Many studies over the years have demonstrated conclusively that young people who torture and kill animals are prone to violence against people later in life if it goes unchecked. Finally, this knowledge is being applied by law enforcement in an effort to identify and intervene in the lives of young animal abusers before they become serial and/or mass murderers.
For years, the FBI has filed animal abuse crimes under the label “other” – thus lumping them with a variety of lesser crimes. This makes cruelty crimes hard to find, count and track. The bureau announced this month that it will make animal cruelty a Group A felony with its own category in the same way crimes like homicide, arson and assault are listed.
This new federal category for animal cruelty crimes will help identify animal abusers before their behavior worsens. It will also encourage prosecutors and judges to take these crimes seriously.
It is hoped this new category will result in more appropriate sentences, more influence with juries, and the ability to make more meaningful plea bargains.
The special category will also help law enforcement officials identify young offenders, and hopefully help offenders realize early that with the right help they need not turn into a Jeffrey Dahmer later.
With this new category, law enforcement agencies will soon be required to report incidents and arrests in four areas: simple or gross neglect; intentional abuse and torture; organized abuse, including dogfighting and cockfighting; and animal sexual abuse.
“The immediate benefit is that it will be in front of law enforcement every month when they have to do their crime reports,” said John Thompson, interim executive director of the National Sheriffs’ Association who worked to get the new animal cruelty category instituted. “That’s something we have never seen.”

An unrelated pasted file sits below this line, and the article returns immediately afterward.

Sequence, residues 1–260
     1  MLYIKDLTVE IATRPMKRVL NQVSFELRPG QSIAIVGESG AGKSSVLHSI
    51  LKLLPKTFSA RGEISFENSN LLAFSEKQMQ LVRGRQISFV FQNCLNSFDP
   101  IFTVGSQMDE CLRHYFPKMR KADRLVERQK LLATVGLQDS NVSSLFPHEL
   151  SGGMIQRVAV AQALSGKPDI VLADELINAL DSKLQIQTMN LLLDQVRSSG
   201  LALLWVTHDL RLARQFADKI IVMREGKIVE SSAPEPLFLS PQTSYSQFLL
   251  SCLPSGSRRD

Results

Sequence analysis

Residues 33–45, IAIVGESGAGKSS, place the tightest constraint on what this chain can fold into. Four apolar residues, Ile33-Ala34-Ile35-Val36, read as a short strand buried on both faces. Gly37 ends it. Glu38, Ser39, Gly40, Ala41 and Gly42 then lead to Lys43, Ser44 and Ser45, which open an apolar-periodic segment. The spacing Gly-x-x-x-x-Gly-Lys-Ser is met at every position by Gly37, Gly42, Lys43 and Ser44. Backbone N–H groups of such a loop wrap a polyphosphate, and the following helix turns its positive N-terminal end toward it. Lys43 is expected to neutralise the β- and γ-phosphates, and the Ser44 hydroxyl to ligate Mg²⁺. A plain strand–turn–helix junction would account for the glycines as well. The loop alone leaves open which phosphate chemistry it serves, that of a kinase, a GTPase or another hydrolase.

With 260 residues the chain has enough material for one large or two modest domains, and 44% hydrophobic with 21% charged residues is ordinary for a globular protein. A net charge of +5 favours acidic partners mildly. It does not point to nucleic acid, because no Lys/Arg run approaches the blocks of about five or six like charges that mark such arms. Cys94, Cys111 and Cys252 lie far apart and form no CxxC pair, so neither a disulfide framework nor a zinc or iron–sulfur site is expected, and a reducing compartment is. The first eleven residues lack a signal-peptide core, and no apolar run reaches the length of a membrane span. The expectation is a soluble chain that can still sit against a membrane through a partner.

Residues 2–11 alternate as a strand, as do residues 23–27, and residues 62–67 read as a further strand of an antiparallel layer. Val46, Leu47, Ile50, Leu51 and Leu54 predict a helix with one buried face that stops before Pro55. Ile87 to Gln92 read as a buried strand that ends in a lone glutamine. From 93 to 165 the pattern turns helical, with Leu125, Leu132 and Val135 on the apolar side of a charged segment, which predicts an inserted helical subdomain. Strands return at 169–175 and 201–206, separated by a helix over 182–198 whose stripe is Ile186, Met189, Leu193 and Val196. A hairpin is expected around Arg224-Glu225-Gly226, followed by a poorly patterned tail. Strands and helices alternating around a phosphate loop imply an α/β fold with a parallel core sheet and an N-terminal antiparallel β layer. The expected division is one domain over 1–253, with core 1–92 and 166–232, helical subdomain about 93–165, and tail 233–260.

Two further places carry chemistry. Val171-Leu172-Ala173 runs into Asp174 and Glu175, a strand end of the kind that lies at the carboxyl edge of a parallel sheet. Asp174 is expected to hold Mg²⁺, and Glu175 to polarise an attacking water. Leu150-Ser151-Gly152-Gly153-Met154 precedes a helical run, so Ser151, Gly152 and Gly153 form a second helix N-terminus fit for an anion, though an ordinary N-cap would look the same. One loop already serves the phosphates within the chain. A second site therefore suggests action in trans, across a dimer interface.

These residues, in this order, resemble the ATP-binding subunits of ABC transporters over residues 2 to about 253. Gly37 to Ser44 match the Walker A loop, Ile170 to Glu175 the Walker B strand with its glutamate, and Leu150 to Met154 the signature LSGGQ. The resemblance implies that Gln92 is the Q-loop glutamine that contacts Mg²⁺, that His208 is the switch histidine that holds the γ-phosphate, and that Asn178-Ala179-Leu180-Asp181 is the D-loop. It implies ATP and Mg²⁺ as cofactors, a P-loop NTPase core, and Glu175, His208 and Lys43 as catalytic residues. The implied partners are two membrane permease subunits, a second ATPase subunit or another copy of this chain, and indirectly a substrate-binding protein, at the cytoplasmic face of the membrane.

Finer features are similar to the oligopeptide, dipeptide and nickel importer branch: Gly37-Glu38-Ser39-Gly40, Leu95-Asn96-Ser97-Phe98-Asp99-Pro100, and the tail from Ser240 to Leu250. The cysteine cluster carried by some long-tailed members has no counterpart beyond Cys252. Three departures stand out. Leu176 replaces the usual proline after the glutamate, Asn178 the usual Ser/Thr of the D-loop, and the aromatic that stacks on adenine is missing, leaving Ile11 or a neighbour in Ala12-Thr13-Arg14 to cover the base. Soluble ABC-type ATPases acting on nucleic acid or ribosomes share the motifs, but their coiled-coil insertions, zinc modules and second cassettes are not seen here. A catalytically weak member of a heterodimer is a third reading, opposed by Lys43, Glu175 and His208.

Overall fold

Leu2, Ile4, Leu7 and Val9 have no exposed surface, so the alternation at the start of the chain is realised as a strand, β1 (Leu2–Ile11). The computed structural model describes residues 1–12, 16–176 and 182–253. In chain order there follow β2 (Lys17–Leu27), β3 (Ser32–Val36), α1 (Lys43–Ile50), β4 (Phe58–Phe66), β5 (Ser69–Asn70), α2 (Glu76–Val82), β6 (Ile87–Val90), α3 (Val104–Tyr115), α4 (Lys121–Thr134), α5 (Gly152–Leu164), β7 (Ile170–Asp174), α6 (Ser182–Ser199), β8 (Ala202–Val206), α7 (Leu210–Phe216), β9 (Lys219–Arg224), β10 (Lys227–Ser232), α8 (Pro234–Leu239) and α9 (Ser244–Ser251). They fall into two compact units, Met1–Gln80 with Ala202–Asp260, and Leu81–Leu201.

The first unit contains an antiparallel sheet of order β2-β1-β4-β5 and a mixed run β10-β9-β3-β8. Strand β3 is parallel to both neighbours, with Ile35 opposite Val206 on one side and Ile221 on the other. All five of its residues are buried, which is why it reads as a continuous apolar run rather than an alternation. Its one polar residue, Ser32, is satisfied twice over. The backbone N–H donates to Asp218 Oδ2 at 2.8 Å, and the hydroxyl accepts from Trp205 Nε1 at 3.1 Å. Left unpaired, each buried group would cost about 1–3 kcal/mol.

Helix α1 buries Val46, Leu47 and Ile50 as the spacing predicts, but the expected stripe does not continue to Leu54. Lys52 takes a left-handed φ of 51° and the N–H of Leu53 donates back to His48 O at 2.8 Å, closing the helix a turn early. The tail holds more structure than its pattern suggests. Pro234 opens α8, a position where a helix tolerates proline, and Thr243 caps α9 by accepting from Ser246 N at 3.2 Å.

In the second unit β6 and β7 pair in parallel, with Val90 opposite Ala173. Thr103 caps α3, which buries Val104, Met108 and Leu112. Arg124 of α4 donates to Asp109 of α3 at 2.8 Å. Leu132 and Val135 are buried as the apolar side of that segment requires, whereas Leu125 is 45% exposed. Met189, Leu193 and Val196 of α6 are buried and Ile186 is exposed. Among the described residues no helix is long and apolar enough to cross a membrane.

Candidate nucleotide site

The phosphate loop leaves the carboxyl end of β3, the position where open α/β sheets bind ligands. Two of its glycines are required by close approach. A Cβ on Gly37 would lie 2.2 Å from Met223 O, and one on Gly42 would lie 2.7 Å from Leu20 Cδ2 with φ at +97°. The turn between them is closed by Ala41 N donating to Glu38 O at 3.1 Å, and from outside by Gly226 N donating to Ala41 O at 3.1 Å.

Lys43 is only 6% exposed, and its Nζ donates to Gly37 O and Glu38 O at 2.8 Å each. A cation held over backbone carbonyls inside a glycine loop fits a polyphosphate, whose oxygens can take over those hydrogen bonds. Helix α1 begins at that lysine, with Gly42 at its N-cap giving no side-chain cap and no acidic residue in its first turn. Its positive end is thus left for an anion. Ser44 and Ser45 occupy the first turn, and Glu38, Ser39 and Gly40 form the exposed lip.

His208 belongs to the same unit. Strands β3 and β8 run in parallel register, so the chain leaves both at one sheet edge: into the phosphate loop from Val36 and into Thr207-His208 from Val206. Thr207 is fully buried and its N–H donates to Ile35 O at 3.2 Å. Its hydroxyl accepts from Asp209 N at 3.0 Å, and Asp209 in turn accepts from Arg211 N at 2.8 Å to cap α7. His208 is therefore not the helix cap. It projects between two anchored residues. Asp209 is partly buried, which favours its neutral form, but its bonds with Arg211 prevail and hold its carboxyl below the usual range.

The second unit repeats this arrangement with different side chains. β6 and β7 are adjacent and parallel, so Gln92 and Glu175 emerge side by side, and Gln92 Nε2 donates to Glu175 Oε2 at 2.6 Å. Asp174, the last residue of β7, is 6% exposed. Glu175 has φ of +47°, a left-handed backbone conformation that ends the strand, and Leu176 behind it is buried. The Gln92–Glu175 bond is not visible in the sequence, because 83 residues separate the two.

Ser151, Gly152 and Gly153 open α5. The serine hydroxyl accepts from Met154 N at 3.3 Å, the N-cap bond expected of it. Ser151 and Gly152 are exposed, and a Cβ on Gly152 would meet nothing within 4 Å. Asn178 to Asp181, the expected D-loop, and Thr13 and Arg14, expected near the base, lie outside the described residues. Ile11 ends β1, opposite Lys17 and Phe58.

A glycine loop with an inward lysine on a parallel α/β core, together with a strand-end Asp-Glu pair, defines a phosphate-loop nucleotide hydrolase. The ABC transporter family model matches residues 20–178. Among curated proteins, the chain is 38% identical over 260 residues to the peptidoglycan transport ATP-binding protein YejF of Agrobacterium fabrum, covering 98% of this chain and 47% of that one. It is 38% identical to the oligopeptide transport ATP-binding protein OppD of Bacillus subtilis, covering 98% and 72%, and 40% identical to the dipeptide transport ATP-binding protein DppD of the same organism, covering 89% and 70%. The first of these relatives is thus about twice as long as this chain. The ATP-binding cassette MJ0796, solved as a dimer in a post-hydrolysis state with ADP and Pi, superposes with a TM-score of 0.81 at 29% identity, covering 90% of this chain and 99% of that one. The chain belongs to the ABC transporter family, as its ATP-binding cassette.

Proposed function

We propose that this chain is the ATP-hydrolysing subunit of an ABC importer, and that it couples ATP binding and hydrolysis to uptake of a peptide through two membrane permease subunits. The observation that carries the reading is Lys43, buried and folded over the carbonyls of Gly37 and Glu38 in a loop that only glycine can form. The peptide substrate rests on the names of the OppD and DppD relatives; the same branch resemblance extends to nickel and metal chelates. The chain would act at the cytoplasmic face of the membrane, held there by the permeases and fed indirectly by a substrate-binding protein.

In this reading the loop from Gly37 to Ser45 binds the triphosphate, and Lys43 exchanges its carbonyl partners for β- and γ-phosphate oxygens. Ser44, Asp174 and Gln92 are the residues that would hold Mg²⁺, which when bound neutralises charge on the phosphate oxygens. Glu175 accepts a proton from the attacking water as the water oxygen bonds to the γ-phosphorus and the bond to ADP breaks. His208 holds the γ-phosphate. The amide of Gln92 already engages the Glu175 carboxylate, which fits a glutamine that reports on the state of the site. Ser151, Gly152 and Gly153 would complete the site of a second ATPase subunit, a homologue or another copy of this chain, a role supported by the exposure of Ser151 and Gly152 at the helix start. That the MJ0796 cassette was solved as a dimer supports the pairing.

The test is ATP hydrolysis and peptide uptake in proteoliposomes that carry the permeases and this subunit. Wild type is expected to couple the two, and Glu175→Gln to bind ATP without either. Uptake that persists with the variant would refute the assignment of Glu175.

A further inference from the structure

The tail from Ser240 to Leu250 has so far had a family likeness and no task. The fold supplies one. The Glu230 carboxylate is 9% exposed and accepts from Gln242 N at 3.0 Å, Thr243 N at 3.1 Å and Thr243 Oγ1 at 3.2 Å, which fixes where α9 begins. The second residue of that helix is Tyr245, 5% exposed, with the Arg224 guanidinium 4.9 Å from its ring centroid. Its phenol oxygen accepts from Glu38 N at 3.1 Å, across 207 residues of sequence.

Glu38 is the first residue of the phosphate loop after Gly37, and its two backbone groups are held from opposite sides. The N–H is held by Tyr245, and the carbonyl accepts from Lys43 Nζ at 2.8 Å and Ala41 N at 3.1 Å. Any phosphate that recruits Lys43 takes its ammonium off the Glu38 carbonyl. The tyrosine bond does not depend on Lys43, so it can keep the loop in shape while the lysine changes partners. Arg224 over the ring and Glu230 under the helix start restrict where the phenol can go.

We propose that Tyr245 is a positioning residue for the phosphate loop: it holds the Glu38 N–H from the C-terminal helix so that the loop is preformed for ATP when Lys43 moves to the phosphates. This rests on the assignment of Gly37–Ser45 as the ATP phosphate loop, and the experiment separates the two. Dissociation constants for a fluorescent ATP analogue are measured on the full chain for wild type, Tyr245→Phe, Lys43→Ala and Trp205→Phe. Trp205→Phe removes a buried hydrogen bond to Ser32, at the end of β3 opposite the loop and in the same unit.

Law enforcement officials will soon understand that this data provides an important crime fighting tool, and its “not just somebody saying the ‘Son of Sam’ killed animals before he went to human victims, and 70-some percent of the school shooters abused animals prior to killing people,” said Thompson, a retired assistant sheriff from Prince George’s County, Maryland.
FBI studies show that serial killers like Dahmer impaled the heads of dogs, frogs and cats on sticks; David Berkowitz, known as the “Son of Sam,” poisoned his mother’s pet; and Albert DeSalvo, aka the “Boston Strangler,” trapped cats and dogs in wooden crates and killed them by shooting arrows through the boxes.
It will take time and money to update FBI and law enforcement databases nationwide, revise manuals and send out guidelines, Thompson said, so there won’t be any data collected until January 2016. After that, it will take several months before there are numbers to analyze.
The new animal cruelty statistics will allow police and counselors to work with children who show early signs of trouble, enabling professionals to intervene early when a preschooler is known to be hurting animals – so hopefully the urge to hurt can be mitigated before humans become targets.
The FBI’s category will track crimes nationwide and is bound to give animal cruelty laws in all 50 states more clout. Many states are seeing more of those convicted of animal cruelty being sentenced to prison in marked contrast to years past.
Whether talking about state laws or the FBI change, it is clear “that regardless of whether people care about how animals are treated, people – like legislators and judges – care about humans, and they can’t deny the data,” said Natasha Dolezal, director of the animal law program in the Center for Animal Law Studies at Lewis & Clark College in Portland, Oregon.